Jackie I think one of the things that just for me, that brought me into the user experience world was I had done a lot of website projects early on, and I realized a lot of, of the work that I was doing was being driven by client direction. And I've come to realize over the years that a lot of that direction was not founded in any evidence based work, right. So people were guessing or they basically were just building things that they wanted, and not really thinking about their visitors, their users, those people and what they were expecting or what they were needing from a website, or for any digital product and application, it really doesn't matter. I think, for me, that was that realization that you know, you needed to do some research in the beginning, you really need to learn who your users are, and understand what their needs are, in order to design something that would serve that purpose. So that was a that was a change for me over time. It was a gradual change. But I think many of us when we first started, we're happy to just do whatever a client asked and like, I need, you know, I wanted I want it to be orange, I want it to be this and I want this to be on the homepage with and not really doing any research about whether or not that was really something that was going to add value or help somebody else.

Monique Yeah, or even questioning that right because at some point when one of my clients started going this way I want this and I want that and I said, Yeah, but it's not about you. And you know, they look at you and go like, What do you mean? Excuse me? Yeah, no, it's not about you that you're not building this website for you because why, bother putting it out on the World Wide Web, right? You might as well keep it on your own computer, if you're building it for yourself. Look at it on your own desktop.

Cathi That's the quote of the day right there.

Monique I mean, it's such an eye opener for them. And when you're doing this work, it's for us it's coming knowledge it's become common knowledge but but still for people who build their website. And and saying that at the same time, I don't think user experience is only about the users, right? We've been looking at how you should match and align business goals and user goals. Because obviously, there's always a business point of view and perspective and accomplishments you want to make there as well. So it will be good to to have a look at those two and see where there's mismatch or match?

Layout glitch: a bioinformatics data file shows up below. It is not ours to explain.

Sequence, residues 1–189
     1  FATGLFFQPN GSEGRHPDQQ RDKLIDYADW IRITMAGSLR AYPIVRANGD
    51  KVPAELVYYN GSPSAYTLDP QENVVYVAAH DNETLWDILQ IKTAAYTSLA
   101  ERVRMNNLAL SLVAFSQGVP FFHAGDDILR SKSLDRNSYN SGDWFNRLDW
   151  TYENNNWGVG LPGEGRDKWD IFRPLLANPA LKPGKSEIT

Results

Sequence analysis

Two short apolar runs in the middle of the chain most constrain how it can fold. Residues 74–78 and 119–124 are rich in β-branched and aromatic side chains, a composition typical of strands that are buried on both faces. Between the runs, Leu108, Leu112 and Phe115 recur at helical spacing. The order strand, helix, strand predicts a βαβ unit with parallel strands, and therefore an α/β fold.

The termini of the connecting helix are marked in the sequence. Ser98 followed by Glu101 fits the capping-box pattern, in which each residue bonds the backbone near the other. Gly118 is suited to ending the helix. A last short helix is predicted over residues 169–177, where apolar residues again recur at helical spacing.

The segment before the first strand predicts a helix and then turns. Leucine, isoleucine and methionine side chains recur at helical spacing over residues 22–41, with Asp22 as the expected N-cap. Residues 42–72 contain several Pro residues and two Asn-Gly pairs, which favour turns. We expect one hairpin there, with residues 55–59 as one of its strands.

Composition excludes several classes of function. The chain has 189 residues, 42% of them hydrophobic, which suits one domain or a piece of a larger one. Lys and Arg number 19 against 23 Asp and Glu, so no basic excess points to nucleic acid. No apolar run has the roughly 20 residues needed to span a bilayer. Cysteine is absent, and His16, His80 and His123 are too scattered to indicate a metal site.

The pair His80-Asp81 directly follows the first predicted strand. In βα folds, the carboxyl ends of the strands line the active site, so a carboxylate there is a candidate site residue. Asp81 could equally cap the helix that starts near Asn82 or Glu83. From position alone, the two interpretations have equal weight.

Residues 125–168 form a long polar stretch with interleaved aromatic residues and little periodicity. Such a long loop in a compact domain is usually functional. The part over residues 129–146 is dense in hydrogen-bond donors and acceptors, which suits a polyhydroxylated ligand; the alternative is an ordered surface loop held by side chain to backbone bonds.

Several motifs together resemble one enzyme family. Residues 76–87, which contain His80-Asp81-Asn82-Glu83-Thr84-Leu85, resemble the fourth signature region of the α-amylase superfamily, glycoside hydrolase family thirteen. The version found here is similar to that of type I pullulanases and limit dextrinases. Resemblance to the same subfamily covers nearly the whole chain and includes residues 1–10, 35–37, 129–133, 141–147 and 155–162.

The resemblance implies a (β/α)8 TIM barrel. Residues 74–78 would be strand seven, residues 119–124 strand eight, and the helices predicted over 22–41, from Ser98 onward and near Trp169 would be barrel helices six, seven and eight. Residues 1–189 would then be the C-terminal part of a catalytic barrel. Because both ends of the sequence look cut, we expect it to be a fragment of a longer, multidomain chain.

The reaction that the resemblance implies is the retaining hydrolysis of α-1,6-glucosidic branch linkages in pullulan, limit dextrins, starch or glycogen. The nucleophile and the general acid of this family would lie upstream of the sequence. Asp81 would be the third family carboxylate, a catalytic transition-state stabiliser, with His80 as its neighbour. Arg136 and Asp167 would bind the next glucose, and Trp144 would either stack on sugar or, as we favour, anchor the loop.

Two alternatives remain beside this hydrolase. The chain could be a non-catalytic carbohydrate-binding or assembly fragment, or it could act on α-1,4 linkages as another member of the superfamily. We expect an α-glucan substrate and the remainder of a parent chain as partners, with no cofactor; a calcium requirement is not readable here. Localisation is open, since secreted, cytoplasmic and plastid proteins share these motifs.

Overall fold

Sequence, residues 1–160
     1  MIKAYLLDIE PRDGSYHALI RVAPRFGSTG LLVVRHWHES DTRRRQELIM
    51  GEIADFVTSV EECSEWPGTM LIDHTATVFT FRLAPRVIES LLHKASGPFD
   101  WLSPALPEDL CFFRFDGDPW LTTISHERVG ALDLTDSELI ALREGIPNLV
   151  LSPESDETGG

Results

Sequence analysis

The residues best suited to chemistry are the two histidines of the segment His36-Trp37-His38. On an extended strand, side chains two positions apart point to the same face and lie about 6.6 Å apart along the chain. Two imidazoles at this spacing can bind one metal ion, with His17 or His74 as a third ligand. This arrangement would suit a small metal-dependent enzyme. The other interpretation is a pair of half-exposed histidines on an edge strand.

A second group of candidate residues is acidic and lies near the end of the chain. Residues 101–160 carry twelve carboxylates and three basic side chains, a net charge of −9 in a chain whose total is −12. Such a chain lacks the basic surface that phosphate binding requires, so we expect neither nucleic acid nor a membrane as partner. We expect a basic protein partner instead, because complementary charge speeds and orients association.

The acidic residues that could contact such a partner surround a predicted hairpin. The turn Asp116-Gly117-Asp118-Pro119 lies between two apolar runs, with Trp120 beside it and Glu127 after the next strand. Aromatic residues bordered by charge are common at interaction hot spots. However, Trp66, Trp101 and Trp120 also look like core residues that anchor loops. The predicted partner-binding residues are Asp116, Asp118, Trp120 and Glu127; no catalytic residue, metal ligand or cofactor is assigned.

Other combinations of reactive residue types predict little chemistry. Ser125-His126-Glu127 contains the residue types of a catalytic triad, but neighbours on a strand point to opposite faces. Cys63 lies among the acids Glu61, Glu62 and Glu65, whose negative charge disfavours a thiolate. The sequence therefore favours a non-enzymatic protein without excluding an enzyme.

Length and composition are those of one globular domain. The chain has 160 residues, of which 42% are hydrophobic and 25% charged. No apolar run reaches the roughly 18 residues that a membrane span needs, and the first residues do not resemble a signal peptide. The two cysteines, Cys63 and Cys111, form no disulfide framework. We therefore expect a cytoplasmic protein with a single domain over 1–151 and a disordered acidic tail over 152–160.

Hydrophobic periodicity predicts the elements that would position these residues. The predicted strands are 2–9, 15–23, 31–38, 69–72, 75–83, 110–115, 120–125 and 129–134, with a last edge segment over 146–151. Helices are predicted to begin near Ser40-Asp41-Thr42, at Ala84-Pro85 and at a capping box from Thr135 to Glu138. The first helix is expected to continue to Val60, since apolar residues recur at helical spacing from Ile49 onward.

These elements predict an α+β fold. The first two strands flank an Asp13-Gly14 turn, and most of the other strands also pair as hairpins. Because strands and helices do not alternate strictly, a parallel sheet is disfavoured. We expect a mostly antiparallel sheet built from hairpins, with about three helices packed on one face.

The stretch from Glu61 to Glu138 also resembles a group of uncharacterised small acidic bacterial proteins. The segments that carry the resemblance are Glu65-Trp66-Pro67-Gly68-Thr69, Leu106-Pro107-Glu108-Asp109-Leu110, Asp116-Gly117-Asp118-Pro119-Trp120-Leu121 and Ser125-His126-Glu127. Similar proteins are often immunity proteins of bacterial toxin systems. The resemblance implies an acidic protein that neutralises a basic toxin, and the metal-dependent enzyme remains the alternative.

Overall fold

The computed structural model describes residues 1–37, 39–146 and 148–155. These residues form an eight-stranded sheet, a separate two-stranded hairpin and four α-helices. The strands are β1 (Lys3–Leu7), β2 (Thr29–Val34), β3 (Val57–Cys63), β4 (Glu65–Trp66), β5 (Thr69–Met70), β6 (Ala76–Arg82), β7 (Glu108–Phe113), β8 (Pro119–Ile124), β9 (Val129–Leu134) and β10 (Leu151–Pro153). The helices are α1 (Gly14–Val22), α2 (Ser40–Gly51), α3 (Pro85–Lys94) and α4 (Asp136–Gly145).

Jackie So it really does start with research with your stakeholders and getting your business goals together. And then learning about the users, right? So you, those are all steps that need to be done before you start doing any design work.

Cathi Right. So we could talk a little bit about our logo since this is our intro podcast, and we're on the subject. So our logo is built with three rings, and the outer ring is the customer experience, because typically, we would work with clients at scale that have significant business goals. Not every product or experience has a business goal. So customer experience is the outer ring, user experience is the inner ring where we're understanding our users needs, and then the UI is the center ring because we're developing an interface from which to interact with people. And that's where the heuristics come into play so that's why we designed our logo that way, right?

Monique Yeah. And interaction is not only with within the product or website or company or shop or wherever you're interacting. It's it's also the part before that where you have like the customer experience, as you said, A big part where I'm happy that things start to meet each other more and more is search engine optimization and user experience. Where before people sort of choose to design or write for Google or another, you know, search engine or for the client, but they're becoming one more and more. Which makes sense because you can't have good usability before you have findability, right? You need to find something first before you can read it. And if something is doing very well with the search engine, so it's really findable. But you've you've already noticed that as well, when you land on a website that is really hard to use and not giving you a good user experience you found, but you've got like the user's gone straight away. So you need to match their their expectations when you're found. But if nobody can find you, you can have like the best user experience within your projects or your website. But no one's going to find it and not going to use it and not have that great experience, which is shame as well.

Cathi Yeah, the before, during and after, that's a really good point. Because the next experience would be onboarding. And do I have to click 144 times before I can be a member of this particular site like?

Monique Preferably yes, because she didn't want to make it easier.

Cathi When we did our research, I think almost everyone we interviewed for our own user research said, you know, you always know bad user experience, but good user experiences just invisible because you're just on with doing what you want it to get done. And so that's a challenge for us as well. Right? We're so good at this job, you can't even tell... hahha

Monique I'm... knowing what should be done doesn't mean that your own website our thing is always like the best experience like we're learning by doing by asking our clients we're evolving you know, we're doing metrics where I mean, it's it's not a one time off, you know, you have to work on it constantly. I think and that's not just I'm not saying that just because I want people to keep bringing work. Right, but you keep learning it's it's things change, people change, you get new insights from tracking how things go for from hearing stuff from people.

Cathi rethinking, refactoring.

Jackie Okay, guys, well, I think that about wraps up our intro episode. So we wanted to take this opportunity to introduce everybody on the podcast to the followers that were followers of Rethink.fm or new people that have found the podcast and if you like where we're going with this, please feel free to share it out there on the web. And we will see you in the next episode. So for Monique, Cathi and I we say have a great week and we'll see you next time.

[Birds chirping]